Music was blaring and the crowds were anxious to get the party started. 7:00 am and the elite runners were sent on their way. Every one or two minutes the next corral was released. My corral pushed up to the start and 3, 2, 1...go! My wrist bore my watch rather than my Garmin since I knew there were tunnels that would cause it to lose the satellite signal. Not having my Garmin was a little unnerving since I can set it to keep track of current and overall mile averages. With a watch, I have to do on the run math and in the later miles, my brain doesn't calculate nearly as quickly or accurately as I would hope.
Within a couple of miles, I knew I had to use the portapotty. I prolonged it hoping I could get away with not stopping but I soon realized I couldn't continue for 24 miles this way. I lost about a minute or two. I saw a bootcamper cheering for me around mile 4 which surprised both of us!
After a longish ascent that wasn't too bad, we headed down and down and down to Seward Park. I noticed a lot of male runners were more focused on women runners than the race they were running. Various comments about the women around me floated in my ears as I passed them. I'm pretty sure I was called a jolly green giant as I passed a very petite yet beautiful woman. I guess I do look "large" next to these cruel women. Whatever. I passed the guys and they couldn't keep up so eat my green beans, boys!
Turning left at Seward Park brought us to a long, flat portion run along Lake Washington. American flags lined the course along with pictures of fallen soldiers. Any joy I had was set aside as I looked at the faces of soldiers that gave their lives protecting our freedom. It was hard to keep from crying and put the race into perspective.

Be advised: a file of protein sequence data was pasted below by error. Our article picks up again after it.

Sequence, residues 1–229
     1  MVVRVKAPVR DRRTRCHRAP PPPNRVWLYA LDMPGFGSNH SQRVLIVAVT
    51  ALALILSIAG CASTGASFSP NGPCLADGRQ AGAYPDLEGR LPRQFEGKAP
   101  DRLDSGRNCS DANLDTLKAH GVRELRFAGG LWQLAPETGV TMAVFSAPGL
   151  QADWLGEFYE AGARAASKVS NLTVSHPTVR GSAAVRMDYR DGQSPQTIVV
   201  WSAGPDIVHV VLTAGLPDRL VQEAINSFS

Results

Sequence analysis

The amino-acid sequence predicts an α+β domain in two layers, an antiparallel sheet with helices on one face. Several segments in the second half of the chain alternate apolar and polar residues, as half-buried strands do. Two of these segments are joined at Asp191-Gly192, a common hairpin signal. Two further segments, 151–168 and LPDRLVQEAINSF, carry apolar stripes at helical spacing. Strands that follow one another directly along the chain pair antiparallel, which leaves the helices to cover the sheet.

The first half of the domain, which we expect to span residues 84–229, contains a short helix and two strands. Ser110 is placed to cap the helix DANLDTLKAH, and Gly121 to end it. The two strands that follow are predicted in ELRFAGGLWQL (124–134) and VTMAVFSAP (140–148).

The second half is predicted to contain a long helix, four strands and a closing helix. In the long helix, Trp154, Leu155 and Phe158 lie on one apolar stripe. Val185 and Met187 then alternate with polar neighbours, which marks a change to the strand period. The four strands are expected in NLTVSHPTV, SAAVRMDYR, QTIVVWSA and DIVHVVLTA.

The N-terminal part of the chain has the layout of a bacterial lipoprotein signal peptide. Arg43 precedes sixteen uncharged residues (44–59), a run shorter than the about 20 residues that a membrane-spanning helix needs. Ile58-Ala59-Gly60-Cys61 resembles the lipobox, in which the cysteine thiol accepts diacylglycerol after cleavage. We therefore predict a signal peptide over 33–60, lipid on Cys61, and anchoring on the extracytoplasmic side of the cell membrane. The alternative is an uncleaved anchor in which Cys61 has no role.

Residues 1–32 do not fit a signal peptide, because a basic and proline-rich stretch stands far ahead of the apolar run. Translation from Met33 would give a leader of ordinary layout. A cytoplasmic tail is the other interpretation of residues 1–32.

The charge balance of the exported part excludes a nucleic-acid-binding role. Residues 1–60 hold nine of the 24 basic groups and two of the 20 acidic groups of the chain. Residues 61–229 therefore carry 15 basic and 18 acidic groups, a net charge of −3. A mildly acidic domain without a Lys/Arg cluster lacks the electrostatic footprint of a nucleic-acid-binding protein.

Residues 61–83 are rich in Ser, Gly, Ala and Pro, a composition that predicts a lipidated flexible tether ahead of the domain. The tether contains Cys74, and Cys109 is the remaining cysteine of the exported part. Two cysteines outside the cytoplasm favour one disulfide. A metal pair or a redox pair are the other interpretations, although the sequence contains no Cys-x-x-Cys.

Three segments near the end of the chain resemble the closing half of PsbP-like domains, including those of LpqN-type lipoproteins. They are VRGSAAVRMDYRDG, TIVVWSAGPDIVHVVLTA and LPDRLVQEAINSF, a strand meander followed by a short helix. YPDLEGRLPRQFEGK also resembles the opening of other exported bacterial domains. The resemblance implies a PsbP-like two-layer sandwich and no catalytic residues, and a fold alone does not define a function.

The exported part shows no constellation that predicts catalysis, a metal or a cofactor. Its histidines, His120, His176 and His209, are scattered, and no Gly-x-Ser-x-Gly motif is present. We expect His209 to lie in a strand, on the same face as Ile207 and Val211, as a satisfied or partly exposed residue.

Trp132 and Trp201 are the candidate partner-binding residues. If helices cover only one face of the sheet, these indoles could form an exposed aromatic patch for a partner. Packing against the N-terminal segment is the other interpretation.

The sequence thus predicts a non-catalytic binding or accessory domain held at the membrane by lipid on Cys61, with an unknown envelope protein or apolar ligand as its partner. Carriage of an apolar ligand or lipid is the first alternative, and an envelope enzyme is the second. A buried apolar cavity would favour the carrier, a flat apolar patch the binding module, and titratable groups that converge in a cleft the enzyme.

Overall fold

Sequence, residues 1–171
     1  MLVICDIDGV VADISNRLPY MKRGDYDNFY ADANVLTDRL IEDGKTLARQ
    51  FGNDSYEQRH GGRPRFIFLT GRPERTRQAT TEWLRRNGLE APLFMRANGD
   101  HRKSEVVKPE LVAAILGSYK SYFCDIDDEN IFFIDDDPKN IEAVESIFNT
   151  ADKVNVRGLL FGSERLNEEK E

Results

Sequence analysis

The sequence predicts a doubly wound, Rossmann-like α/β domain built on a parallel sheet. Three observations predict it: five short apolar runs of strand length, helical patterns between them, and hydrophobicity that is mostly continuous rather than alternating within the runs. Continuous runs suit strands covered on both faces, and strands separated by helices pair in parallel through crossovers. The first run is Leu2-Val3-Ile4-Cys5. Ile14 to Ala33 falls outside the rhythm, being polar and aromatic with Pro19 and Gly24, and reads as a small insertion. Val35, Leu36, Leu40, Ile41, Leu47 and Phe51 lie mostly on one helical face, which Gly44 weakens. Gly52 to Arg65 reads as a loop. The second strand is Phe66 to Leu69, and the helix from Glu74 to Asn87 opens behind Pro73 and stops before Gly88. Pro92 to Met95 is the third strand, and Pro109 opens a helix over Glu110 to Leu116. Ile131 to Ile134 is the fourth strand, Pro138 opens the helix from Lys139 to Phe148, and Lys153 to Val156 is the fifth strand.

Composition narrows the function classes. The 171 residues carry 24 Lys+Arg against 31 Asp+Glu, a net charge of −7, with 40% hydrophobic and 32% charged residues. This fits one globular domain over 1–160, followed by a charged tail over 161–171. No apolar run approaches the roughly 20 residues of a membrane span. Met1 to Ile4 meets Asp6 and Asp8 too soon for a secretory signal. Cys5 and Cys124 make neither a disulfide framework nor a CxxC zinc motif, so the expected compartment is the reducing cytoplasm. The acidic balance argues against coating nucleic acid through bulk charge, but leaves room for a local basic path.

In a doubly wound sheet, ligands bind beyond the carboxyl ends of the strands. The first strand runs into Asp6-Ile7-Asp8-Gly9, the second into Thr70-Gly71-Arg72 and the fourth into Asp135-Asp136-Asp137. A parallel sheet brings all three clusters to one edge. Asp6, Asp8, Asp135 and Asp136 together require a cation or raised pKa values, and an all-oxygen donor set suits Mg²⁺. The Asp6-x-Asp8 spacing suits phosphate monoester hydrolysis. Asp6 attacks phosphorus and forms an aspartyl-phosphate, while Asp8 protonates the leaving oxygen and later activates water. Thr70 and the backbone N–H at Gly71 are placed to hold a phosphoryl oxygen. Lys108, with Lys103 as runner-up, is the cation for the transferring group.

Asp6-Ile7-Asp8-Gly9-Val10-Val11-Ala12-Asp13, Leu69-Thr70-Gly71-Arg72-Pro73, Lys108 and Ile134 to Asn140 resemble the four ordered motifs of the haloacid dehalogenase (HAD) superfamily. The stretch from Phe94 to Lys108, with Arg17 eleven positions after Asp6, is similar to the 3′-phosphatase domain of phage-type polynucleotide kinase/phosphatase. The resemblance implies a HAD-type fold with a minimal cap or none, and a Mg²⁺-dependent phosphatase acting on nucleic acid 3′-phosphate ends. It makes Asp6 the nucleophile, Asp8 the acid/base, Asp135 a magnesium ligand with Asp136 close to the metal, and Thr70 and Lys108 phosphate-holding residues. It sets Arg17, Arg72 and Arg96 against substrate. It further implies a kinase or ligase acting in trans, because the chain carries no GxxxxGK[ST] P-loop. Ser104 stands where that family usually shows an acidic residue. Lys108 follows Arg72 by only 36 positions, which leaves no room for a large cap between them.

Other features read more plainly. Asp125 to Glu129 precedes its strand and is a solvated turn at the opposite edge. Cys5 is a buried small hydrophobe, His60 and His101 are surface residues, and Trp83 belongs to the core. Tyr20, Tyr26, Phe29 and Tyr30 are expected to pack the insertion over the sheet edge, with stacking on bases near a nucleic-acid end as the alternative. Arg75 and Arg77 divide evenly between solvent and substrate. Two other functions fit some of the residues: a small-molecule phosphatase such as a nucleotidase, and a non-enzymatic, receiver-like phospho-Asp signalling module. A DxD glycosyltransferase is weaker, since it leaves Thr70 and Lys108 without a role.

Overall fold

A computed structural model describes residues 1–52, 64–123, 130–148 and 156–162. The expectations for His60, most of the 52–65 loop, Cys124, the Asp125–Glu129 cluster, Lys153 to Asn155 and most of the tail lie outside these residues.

We made our way along Lake Washington, the sun shined down on us and we really couldn't have had much better weather. I stayed just in front of the 1:45 half marathon group for much of this stretch. At mile 9 after ascending up a steep yet short hill, marathoners veered right to cross the Mercer Island Bridge while half-marathoners entered a tunnel to the left. Suddenly the course seemed fairly empty of runners as the majority of people were running the half marathon.
After the turnaround at the end of the bridge, I saw all the runners behind me. The 3:30 group was closing in and just past mile 11, I heard Terry's voice and a pack of runners overtake me. I had told David Spooner my plan was to race until my legs blew up. I had to give it another try despite how I felt at Sequim.
As we entered the tunnel, a sauna-like atmosphere swelled around me, noises and heat overtaking my senses. My shirt quickly elevated to my armpits as I worked my way down the tunnel. Tunnels are terrible places to have bands. Doesn't anyone know this? Running the Rock N Roll marathon sounds like it would be a huge party but for me, I barely hear the music as we go by the stages fairly quickly. The cheerleaders were motivating and I loved the spectators cheering.
As we exited the tunnel, marathoners were approaching mile 14 and the half marathoners were at 11 miles. We could see Safeco Field directly in front of us and then we headed into the streets of Seattle. I love this portion of the course because there are so many spectators and distractions that the miles seem to go by faster. The downside to this part is that the roads have more hazards and you may trip over something while waving to your adoring fans. A half marathoner husband and wife were running alongside me and he told me I was making him look bad in front of his wife since I was really 3 miles in front of him. Another couple were running as part of their honeymoon.
Soon the marathoners were directed away from Qwest Field as the adrenaline rush of the half marathoners filled the air. We ran along the Alaskan Way Viaduct, and as we approached a tunnel, someone yelled "Ginger!" and waved maniacally from the top of a building. I still don't know who it was and I just waved but didn't have the extra lung capacity to yell, "Who ARE you?"